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Ariane Burke
Thursday, February 6

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Anthropology Department
New York University
25 Waverly Place
New York, NY 10003

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Rita Wright


Professor of Anthropology


B.A. 1975, Wellesley
M.A. 1978, Harvard
Ph.D. 1984, Harvard





Research Focus:

Since 1975 I have been conducting research in one of the most archaeologically rich areas of the world, on surveys and excavations in the Near East and South Asia (Iran, Afghanistan and Pakistan). In addition, I have a research focus on southern Mesopotamia, employing secondary textual sources, and maintain a strong interest in cultural heritage and stewardship issues. My current field research is on the Indus civilization. I am Assistant Director of the Harappa Archaeological Research Project and Director of the Beas Landscape and Settlement Survey. These projects focus on the development of complex societies, urbanism and states, and the negotiation of power relations as they manifest on the local level (gender, class, ethnicity, age) and regional and inter-regional levels (technology, social boundaries, trade and exchange). The work is broadly comparative and incorporates theoretical elements from marxism, political economies, and feminist archaeology; methodologically, it includes materials analysis, especially ceramics, and landscape studies.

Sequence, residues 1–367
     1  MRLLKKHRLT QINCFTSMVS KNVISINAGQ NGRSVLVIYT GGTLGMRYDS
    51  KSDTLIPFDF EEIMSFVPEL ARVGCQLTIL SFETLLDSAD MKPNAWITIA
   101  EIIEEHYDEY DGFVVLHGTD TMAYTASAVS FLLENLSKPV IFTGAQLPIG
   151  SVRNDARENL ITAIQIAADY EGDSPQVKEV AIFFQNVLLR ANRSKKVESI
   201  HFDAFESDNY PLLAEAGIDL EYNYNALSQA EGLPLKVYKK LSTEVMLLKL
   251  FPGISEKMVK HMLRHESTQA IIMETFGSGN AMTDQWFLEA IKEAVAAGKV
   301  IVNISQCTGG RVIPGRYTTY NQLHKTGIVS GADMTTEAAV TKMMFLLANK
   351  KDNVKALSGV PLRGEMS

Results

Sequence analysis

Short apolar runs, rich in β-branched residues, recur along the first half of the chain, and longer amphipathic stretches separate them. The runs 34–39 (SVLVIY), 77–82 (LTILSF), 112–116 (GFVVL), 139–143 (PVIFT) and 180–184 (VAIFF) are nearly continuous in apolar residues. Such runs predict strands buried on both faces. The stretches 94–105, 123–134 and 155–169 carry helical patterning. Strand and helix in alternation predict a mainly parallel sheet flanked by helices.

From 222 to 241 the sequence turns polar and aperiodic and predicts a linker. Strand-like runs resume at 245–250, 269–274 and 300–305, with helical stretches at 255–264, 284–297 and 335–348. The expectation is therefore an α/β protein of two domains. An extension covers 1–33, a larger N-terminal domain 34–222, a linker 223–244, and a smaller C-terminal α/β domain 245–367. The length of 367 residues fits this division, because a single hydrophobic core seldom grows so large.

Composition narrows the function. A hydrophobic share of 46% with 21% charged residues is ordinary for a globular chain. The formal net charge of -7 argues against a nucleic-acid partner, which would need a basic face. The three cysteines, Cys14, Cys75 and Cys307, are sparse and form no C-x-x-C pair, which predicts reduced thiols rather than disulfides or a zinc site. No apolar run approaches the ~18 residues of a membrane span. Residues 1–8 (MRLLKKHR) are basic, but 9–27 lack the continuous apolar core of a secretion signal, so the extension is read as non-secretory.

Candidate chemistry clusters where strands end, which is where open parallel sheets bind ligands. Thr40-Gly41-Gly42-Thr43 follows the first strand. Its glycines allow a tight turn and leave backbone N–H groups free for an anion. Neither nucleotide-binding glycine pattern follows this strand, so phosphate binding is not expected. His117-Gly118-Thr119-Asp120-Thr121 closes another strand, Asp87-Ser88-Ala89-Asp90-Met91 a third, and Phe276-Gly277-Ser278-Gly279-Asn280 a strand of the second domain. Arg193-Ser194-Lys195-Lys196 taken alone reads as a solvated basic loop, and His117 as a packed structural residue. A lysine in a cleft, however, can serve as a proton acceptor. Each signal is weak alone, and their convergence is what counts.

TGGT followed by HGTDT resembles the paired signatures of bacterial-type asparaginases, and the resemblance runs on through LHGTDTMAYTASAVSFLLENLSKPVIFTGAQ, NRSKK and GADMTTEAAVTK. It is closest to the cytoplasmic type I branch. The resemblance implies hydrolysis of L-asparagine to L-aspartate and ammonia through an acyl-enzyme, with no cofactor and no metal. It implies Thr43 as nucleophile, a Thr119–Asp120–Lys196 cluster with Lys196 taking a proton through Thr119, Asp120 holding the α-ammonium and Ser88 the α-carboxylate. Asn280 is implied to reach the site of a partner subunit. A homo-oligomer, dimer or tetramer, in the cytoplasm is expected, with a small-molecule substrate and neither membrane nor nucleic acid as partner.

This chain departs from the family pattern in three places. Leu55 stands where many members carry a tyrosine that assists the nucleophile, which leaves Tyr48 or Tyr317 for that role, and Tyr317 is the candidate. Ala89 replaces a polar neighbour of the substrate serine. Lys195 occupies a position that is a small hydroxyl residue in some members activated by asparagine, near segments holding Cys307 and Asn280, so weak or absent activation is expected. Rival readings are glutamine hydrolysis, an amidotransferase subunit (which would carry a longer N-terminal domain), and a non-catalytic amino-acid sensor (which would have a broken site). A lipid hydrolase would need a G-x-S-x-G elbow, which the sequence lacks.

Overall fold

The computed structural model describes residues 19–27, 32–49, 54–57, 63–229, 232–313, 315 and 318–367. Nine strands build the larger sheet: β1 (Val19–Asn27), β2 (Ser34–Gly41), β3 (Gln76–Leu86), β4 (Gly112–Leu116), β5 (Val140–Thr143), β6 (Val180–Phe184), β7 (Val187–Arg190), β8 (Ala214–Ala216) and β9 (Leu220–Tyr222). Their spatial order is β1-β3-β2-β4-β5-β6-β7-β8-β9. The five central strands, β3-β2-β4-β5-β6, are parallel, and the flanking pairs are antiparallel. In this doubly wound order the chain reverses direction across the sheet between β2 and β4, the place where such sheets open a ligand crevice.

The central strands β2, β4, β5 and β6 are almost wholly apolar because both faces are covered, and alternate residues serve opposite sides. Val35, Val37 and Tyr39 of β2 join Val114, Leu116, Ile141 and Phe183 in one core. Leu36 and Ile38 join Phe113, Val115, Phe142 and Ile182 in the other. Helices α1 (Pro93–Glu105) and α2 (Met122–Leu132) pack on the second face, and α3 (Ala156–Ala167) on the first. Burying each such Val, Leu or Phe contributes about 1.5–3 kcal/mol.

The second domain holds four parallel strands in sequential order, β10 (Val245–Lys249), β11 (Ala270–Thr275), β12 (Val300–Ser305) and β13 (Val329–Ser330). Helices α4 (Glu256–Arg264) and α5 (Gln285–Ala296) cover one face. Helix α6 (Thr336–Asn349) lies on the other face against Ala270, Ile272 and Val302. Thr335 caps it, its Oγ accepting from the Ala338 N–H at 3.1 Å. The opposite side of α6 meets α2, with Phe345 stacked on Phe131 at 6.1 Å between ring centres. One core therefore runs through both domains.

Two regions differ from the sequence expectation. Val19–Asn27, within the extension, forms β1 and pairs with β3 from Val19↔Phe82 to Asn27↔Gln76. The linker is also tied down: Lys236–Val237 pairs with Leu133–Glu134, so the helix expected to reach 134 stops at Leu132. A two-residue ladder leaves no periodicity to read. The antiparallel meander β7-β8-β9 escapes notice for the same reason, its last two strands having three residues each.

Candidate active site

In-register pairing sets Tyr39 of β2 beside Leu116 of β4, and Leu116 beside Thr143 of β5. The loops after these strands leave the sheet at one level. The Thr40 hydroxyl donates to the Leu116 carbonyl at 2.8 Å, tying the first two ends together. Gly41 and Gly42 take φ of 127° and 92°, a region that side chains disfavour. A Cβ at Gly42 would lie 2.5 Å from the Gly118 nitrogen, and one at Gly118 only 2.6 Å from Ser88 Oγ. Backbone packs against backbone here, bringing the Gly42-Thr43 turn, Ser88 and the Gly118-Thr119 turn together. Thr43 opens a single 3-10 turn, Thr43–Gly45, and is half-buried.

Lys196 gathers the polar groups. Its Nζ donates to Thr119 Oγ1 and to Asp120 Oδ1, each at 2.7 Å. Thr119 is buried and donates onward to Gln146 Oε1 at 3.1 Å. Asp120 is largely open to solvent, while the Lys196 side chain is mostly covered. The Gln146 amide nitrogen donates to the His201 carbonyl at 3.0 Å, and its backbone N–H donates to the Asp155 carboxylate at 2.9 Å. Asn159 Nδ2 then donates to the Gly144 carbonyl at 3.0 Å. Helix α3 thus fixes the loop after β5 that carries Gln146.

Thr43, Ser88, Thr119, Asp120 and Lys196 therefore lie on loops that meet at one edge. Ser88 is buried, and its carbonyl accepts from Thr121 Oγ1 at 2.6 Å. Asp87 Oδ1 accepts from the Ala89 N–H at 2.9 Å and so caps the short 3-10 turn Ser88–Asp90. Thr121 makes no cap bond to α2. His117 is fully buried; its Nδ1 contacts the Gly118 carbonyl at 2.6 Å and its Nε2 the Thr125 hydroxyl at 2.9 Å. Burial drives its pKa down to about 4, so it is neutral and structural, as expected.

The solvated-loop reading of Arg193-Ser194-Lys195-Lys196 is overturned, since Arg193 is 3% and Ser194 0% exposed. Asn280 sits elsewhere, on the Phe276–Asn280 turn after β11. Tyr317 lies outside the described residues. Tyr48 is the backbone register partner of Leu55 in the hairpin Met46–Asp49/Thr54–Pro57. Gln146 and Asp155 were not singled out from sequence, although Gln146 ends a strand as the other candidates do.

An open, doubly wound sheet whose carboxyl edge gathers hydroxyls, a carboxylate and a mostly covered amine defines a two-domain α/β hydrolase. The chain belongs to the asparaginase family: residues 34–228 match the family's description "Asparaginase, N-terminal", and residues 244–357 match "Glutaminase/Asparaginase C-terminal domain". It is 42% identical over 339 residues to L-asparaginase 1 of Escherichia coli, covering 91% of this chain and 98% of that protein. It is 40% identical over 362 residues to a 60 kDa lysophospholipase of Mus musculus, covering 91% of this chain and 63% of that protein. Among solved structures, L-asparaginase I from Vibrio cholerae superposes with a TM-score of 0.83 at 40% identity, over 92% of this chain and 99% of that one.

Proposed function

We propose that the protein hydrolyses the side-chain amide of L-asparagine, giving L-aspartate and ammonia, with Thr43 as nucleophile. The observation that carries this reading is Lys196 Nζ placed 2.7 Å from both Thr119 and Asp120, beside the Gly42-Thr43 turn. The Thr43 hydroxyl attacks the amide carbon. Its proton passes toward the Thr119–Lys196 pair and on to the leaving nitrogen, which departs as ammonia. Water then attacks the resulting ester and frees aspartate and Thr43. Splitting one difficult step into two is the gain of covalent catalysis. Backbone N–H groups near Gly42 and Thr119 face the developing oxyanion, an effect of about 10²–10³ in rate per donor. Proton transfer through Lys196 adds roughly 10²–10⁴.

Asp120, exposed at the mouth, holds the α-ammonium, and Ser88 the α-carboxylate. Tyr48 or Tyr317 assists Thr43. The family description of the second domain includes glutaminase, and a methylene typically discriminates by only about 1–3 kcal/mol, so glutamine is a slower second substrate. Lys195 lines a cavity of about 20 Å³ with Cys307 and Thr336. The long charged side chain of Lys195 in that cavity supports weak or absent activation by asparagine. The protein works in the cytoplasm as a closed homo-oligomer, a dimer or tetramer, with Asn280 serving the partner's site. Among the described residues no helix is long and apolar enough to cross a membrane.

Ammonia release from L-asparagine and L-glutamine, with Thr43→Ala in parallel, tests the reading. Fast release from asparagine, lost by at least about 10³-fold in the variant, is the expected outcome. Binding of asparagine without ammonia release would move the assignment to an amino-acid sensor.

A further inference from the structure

The discovery of archaeological settlements contemporary with pre-urban and urban phases of the Indus civilization was a basis on which I initiated a Landscape and Settlement Survey along the now dry bed of the Beas River near the city of Harappa. The archaeologists on the Beas team, shown on the image (l. to r.) are myself, Suanna Selby (Ph.d. NYU 2007), Susan Malin-Boyce (Ph.D. NYU 2006), Joe Schuldenrein (President, Geoarchaeological Research Associates), M. Afzal Khan (Curator, Lahore Museum) and Mark Smith (Ph.D., NYU 2007). Our results indicate that the Beas provided an ecological niche for the agricultural, craft and pastoral production in Harappa’s hinterlands; during the earliest phases of settlement, several small settlements (including Harappa) were occupied though only Harappa grew to a large city and additional small towns and villages were settled; a shift in monsoon and winter precipitation may have caused a disruption in the river discharge of the Beas near the end of occupation of settlements. The project was supported by grants from NEH, NGS and the Wenner-Gren Foundation for Anthropological Research.